Pleasant Ridge sets goals, objectives for 2021 fiscal year

By: Mike Koury | Woodward Talk | Published April 9, 2021

Advertisement

PLEASANT RIDGE — Pleasant Ridge has a laundry list of goals, which includes topics ranging from municipal infrastructure to continuing its parks and recreation efforts, that it hopes to complete in its next fiscal year.

At its March 9 meeting, the City Commission approved its goals and objectives for its upcoming 2021-22 fiscal year. The document communicates to the public what Pleasant Ridge wishes to accomplish through its budget.

“The annual Goals and Objectives serve as a basis for making budget decisions and work priorities for City Staff over the coming year,” a city document states. “When considering various projects and funding decisions during the budget process, the City Commission may evaluate the various options and determine which ones to fund based on how well each project or line item aligns with the Goals and Objectives statement.”

The goals span eight categories: maintain a safe and secure community, ensure good stewardship of municipal infrastructure, maintain financial sustainability, maintain excellent parks and recreation programs, preserve and enhance community and neighborhood character, foster community trust and participation, strive for excellence in governance, and protect the environment.

City Manager James Breuckman said during the meeting that this is a process Pleasant Ridge goes through every year, and that it’s useful for city staff to help prepare the budget and prioritize their work plan for the year.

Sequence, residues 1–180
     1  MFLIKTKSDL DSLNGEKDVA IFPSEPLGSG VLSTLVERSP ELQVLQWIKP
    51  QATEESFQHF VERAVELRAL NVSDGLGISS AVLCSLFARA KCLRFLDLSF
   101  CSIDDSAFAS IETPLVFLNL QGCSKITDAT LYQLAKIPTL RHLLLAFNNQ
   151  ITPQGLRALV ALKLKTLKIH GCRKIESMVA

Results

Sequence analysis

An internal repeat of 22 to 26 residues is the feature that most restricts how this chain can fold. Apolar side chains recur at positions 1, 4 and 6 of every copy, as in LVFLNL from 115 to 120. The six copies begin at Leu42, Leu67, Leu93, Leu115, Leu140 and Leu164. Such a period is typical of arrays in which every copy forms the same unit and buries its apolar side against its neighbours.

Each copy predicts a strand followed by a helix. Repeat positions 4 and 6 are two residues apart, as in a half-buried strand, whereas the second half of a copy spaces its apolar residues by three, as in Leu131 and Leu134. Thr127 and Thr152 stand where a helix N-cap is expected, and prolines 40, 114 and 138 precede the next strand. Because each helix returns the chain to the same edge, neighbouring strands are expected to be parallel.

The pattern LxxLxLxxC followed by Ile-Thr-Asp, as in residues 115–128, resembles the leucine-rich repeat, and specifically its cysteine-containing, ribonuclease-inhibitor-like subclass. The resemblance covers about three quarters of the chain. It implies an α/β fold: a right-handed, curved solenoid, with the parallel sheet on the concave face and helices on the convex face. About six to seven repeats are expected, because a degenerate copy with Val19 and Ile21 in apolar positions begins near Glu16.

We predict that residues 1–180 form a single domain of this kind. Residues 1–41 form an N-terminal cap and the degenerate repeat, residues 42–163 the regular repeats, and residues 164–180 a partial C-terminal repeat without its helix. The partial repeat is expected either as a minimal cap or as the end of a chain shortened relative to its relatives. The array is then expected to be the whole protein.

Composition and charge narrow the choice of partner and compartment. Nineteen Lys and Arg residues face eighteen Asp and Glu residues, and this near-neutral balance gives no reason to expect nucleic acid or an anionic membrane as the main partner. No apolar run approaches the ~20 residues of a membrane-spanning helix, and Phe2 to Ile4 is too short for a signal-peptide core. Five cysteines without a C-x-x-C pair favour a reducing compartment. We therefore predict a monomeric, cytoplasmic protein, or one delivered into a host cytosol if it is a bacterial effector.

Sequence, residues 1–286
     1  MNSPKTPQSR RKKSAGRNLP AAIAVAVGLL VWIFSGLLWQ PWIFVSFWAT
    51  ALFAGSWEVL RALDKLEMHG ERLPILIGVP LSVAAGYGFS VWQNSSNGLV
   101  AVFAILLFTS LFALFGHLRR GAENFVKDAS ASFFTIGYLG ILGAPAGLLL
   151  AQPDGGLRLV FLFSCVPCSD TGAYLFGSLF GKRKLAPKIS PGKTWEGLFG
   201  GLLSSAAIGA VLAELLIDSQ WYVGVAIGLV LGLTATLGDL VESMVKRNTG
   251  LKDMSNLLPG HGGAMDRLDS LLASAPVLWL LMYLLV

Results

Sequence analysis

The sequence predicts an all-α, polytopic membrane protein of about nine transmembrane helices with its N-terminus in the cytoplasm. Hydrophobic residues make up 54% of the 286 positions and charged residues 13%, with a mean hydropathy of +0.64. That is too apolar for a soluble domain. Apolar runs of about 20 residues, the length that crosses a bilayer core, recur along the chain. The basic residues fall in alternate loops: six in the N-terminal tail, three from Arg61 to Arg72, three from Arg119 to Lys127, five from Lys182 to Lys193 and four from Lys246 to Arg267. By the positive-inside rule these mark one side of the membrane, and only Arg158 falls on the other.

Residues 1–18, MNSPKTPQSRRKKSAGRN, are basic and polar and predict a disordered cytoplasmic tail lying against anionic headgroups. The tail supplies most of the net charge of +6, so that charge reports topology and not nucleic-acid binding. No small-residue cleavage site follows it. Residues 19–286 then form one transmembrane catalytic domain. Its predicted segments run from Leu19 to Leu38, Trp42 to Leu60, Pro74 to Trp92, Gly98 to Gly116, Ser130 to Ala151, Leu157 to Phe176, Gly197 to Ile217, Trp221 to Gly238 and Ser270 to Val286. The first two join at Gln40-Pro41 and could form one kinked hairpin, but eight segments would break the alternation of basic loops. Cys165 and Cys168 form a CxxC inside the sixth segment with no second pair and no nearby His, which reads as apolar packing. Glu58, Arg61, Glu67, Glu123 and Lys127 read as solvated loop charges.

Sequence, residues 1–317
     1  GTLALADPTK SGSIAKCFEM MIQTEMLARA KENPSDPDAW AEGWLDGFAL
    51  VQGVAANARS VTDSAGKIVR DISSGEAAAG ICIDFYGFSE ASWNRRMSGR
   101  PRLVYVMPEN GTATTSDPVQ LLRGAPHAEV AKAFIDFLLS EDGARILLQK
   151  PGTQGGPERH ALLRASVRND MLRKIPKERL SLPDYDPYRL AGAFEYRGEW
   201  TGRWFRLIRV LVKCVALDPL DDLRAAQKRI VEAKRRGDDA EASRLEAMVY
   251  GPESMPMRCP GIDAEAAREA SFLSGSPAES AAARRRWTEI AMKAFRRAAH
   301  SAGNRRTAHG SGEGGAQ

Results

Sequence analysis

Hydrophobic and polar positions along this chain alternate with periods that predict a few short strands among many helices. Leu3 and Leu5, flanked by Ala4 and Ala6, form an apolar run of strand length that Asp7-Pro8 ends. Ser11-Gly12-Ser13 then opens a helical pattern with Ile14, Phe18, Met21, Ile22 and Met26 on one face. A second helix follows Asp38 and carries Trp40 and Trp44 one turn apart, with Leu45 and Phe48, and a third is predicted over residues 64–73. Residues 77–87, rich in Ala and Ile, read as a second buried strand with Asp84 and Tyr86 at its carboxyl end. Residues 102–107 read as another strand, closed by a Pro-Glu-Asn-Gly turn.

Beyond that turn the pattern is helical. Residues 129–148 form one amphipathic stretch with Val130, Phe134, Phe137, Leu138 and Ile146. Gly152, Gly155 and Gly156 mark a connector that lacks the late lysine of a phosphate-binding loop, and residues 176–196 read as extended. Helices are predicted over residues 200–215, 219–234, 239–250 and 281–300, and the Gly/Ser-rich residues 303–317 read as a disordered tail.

“The goals and objectives largely stay consistent from year to year, but there’s always a few updates we make as things drop off, when new things pop in,” he said. “This year, we have a few COVID-related items that have made their way in there, because that’s a lot of what we’ve been dealing with.”

COVID-related goals that made the list included maintaining “clean, safe, and sanitary conditions” at city facilities and adjusting city services and events to protect the health of residents and city staff.

Under the city’s municipal infrastructure objective, goals range from lead service line and water main replacements, to improving bike and pedestrian infrastructure and continuing a maintenance program for previously reconstructed streets and alleys.

The water infrastructure in Pleasant Ridge is a concern for Commissioner Ann Perry, who told the Woodward Talk that it’s going to take a lot of work to repair.

“Pleasant Ridge very much sits on very sandy soil,” she said. “We have been enormously lucky, sort of, over the past many years where a lot of our infrastructure, like our water infrastructure, has held tight. Like a lot of our water mains are still a 100-year-old infrastructure, and they don’t break because they just sort of shift with the sand. The hard thing now is we’re gonna have to do the lead service lines. You can’t really tap into these 100-year-old water mains, because then they’re going to break. So we’re gonna have to do some replacement for that at the same time. It’s a big project and very expensive.”

Because of the COVID-19 pandemic, the parks and recreation facilities and programs weren’t utilized in 2020. The city hopes to change that in 2021.

Perry said she’s sure the pool at the recreation center will be opening this year.

“It was so tough last year that we really couldn’t open it, which is very hard on the community because it tends to be a big part of the families’ summers,” she said. “We were in the middle of a pandemic, so it was not something that city staff, the recreation staff or the majority of the commission felt comfortable trying to open. This year, we’re really excited and we are still waiting for all of the different criteria and what the restrictions might be from the state and the county, but we know it will look better than it would have looked last year if we would have tried to open it.”

Perry added that the biggest hurdle with the pool as of now is that the city doesn’t have any lifeguards signed up for the summer. She’s hoping those who are interested will reach out to the city.

Advertisement